Direct Pay or Probation? What’s Best for You?
Child support is one of the most important issues to be decided in a divorce or legal separation. Once the calculations have been made, the custodial parent has to decide whether to have the payments go through the Probation Department or to receive them directly from the child’s other parent. Your first reaction might be to assume that direct payment is best. In most cases, however, it is in the recipient’s best interest to receive payments through probation.
The purpose of the Probation Department is to protect the child by doing all it can to ensure that the custodial parent receives the funds necessary to care for that child. That’s why the NJ family court judge will automatically order that payments be made through the Probation Department. It is up to the recipient to request direct payments.
Benefits of Probation
There are some important benefits of probation, especially if you cannot depend upon the payer to make the payments in a timely manner.
- Money will be garnished from the payer’s wages and deposited directly into
your bank account.
- Payments will be made at a regular time each month.
- You will have access to a verifiable record of the payments.
- You will be able to check the payments online.
- The Probation Department conducts automatic cost-of-living adjustments
every two years.
- The cost-of-living adjustment may result in an increase in the amount of child
If the Payer Is in Arrears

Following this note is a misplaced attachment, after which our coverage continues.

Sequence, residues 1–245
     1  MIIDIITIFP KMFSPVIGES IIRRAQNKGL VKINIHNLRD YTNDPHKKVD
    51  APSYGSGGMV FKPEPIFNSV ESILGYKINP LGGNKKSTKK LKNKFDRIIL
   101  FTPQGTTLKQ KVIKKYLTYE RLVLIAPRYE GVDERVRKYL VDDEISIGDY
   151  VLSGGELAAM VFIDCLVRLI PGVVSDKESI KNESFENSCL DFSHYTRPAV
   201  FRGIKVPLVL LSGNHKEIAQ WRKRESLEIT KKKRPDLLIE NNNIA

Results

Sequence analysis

- Because the Probation Department garnishes wages, if the payer is
employed, payments are guaranteed.
- The Probation Department has other tools at its disposal to collect from
- If the payer is behind in payments, the court can arrange for state and/or
federal tax refunds to be sent to the payee instead.
- The department has the ability to revoke or decline to renew a
- The department has the ability to revoke professional licenses.
Is Direct Pay an Option?
Of course, if you are the custodial parent, you are within your rights to request that payments be made directly to you without going through probation.
If you and your child’s other parent have a good relationship and if you believe that the payments will be made in good faith, then this option is possible. However, it is crucial that you understand the consequences if at some point he or she stops making payments in a timely manner.
A qualified NJ family law attorney can analyze your situation and explain what would be in your best interests. If you decide that you prefer direct payments, then your lawyer can include provisions in your child-support agreement that protect your interests; for example, it can be specified that automatic payments must be made directly into your bank account. In addition, a provision can be included in your agreement that provides if the payer is late with any direct payment, all future payments shall be payable through the Probation Department.
Contact an Experienced NJ Lawyer
Child support is an important matter. It affects the life of your child now and in the future. Contact an experienced New Jersey divorce and family law attorney for questions about child support, parenting time, spousal support, and other important issues before making decisions that will affect you and your children for many years.